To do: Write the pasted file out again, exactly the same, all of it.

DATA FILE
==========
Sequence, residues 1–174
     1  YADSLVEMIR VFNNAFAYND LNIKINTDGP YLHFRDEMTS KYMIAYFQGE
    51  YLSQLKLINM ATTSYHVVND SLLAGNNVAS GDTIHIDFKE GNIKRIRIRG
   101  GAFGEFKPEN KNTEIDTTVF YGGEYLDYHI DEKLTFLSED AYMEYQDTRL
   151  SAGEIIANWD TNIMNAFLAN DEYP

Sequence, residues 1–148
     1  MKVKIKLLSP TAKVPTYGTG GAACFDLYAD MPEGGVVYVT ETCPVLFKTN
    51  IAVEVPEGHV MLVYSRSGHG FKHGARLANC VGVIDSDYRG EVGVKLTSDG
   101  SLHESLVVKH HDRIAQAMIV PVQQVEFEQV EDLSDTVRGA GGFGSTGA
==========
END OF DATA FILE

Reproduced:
Sequence, residues 1–174
     1  YADSLVEMIR VFNNAFAYND LNIKINTDGP YLHFRDEMTS KYMIAYFQGE
    51  YLSQLKLINM ATTSYHVVND SLLAGNNVAS GDTIHIDFKE GNIKRIRIRG
   101  GAFGEFKPEN KNTEIDTTVF YGGEYLDYHI DEKLTFLSED AYMEYQDTRL
   151  SAGEIIANWD TNIMNAFLAN DEYP

Sequence, residues 1–148
     1  MKVKIKLLSP TAKVPTYGTG GAACFDLYAD MPEGGVVYVT ETCPVLFKTN
    51  IAVEVPEGHV MLVYSRSGHG FKHGARLANC VGVIDSDYRG EVGVKLTSDG
   101  SLHESLVVKH HDRIAQAMIV PVQQVEFEQV EDLSDTVRGA GGFGSTGA